The American Academy of Pediatrics recently posted a news piece on the disturbing state of affairs for childhood vaccines due to the pandemic and urged parents to make sure their children’s routine vaccines were up to date, along with their vaccination against COVID-19. The resurgence of vaccinepreventable diseases is a real concern. The reason for the drop in vaccinations among children is likely multifactorial.

Among the various obstacle has been the rampant spread of misinformation on communication mediums, especially on social media. The medical community has been fighting a pandemic on one front and an infodemic on the opposite front. This infodemic can be described as “too much information, including false or misleading information in digital and physical environments during a disease outbreak.” When it comes to the COVID-19 vaccine, an intervention that literally turned the tide of the pandemic, it is important to emphasize that much of the infodemic of misinformation was targeted at creating vaccine hesitancy.

Vaccine misinformation is not a new phenomenon, but it certainly reached a fever pitch when the COVID-19 vaccine was developed. Parental concerns and fears about the COVID-19 vaccine were welcome opportunities that were seized by anti-vaccine groups to fan the flame of more hesitancy for general vaccinations, as well as the COVID-19 vaccine.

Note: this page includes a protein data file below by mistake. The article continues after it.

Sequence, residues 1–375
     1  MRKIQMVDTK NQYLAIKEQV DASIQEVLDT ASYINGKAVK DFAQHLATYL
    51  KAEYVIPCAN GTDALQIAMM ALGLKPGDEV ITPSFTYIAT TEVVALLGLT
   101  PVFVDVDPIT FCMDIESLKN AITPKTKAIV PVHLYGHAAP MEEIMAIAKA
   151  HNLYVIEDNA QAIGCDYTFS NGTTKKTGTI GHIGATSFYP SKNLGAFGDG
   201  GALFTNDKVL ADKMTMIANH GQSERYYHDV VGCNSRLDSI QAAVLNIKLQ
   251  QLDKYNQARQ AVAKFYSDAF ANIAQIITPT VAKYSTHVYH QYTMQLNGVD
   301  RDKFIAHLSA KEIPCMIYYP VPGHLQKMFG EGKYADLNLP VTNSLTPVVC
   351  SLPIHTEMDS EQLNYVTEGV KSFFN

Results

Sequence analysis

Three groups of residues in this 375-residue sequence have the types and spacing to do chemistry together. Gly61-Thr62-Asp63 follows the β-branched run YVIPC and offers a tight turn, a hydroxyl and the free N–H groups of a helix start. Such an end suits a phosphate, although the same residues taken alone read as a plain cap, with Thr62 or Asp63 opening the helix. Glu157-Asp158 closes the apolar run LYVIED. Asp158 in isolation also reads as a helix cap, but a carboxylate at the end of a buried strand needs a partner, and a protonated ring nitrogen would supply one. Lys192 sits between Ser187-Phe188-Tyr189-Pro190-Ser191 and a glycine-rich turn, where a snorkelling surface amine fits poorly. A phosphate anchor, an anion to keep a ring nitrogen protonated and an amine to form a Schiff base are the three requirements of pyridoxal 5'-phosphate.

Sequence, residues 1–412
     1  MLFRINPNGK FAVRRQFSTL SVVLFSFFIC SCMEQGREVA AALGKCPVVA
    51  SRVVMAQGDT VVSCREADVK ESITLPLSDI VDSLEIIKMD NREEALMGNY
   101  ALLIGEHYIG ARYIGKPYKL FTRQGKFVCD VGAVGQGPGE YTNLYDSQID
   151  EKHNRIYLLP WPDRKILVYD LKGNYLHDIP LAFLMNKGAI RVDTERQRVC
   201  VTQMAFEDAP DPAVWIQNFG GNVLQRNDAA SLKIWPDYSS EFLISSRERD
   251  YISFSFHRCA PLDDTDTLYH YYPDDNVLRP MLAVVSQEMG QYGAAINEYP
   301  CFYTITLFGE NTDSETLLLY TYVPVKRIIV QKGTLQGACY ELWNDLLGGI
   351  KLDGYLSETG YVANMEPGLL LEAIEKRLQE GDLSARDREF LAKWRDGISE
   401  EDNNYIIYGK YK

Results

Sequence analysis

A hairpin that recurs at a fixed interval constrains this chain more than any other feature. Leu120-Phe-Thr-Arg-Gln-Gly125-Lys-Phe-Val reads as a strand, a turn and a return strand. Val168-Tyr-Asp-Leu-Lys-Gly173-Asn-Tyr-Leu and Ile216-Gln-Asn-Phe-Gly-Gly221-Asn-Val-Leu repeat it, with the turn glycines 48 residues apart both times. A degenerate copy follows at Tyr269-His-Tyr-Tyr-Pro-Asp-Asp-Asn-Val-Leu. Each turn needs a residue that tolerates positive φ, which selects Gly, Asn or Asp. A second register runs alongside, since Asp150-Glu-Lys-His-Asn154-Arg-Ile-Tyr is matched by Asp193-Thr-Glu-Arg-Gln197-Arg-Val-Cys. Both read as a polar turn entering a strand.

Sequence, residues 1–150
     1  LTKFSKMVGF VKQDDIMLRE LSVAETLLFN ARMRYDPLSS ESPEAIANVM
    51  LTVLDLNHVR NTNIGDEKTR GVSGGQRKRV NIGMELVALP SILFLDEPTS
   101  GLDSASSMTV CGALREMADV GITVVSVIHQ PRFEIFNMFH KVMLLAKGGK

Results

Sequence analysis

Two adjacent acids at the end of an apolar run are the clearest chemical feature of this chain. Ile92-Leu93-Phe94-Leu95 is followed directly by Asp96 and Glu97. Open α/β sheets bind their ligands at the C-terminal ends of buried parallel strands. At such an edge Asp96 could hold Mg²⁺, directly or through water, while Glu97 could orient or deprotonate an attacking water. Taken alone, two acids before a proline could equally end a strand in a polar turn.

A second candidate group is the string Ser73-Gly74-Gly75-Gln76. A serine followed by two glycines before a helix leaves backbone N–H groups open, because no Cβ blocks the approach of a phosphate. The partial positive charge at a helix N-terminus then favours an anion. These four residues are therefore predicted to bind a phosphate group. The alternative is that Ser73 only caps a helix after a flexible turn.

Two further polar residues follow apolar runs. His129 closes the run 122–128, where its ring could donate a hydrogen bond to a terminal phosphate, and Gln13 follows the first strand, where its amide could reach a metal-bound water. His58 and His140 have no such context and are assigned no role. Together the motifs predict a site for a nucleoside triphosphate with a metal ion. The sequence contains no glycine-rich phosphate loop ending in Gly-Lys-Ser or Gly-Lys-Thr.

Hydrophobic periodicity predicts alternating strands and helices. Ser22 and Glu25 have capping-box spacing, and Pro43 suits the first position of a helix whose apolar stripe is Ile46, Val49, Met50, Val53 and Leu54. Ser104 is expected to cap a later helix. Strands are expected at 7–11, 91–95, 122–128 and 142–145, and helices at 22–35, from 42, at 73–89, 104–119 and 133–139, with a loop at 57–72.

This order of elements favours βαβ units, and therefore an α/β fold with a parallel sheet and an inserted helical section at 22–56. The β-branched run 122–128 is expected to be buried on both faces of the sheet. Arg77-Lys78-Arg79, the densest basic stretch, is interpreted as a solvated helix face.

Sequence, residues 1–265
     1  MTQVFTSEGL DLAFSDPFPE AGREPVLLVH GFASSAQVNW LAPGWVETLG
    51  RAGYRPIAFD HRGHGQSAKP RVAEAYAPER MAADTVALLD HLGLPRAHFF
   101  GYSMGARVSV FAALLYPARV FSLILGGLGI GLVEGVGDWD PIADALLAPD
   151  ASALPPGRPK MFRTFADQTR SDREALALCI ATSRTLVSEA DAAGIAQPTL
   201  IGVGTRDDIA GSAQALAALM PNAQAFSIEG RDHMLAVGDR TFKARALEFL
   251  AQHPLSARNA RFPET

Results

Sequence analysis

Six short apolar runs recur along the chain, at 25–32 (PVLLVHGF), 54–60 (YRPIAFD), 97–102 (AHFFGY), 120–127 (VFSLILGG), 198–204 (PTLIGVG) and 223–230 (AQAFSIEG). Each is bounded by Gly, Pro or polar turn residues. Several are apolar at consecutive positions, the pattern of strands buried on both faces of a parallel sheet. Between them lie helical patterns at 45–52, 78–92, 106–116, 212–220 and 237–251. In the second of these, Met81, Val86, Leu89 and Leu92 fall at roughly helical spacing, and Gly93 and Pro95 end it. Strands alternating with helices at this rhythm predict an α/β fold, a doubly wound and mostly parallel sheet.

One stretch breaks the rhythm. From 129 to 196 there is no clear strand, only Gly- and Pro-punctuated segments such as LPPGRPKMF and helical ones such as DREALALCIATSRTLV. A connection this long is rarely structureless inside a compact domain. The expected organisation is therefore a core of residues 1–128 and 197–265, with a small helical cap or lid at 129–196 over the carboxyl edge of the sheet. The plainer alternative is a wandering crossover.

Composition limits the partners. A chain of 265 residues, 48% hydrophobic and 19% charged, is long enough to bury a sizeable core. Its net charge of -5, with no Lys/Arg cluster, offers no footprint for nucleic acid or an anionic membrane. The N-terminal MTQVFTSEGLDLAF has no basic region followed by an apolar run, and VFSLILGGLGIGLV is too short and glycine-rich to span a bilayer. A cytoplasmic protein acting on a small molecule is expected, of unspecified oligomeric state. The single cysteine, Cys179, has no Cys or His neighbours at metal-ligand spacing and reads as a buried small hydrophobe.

There have been some efforts to combat misinformation super-spreaders, but it may have been too little too late. The misinformation messages have already influenced and caused harm to the health of our communities. Nevertheless, these limited efforts to support the healthcare community to control the spread of the infodemic have resulted in curbing the influence of some major anti-vaccine groups, such as the recent removal of Robert F. Kennedy Jr.’s Children’s Health Defense from Facebook and Instagram. The awareness and actions of the healthcare community are pushing things in a good direction, albeit incrementally small at times.

It is critical to incorporate the awareness and importance of vaccines with the knowledge that there is also a movement that opposes this most crucial public and personal health measure. The drop in vaccinations among children during the pandemic is likely multifactorial, but the spread of misinformation has likely played a bigger part than most would like to admit. Having August as a month to spotlight immunizations was nice, but we have to continue to educate and advocate for immunizations beyond the month of August, not only for the sake of children’s health, but also for the health of our entire community.